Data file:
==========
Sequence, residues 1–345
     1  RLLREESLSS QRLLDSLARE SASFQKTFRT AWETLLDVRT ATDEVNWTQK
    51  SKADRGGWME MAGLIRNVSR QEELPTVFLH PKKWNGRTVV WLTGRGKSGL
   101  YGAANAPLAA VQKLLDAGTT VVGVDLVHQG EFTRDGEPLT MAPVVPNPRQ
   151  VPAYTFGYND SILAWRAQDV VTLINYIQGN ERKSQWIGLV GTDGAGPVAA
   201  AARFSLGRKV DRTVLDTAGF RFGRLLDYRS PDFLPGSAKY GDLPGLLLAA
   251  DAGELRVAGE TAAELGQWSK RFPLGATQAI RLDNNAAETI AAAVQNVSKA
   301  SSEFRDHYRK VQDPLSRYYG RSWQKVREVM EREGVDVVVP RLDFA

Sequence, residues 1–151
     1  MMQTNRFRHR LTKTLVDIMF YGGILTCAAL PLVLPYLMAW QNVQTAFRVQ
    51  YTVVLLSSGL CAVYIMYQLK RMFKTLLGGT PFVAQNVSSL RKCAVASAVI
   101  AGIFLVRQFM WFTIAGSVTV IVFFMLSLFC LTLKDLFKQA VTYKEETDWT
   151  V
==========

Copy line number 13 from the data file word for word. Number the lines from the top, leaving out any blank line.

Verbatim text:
   151  V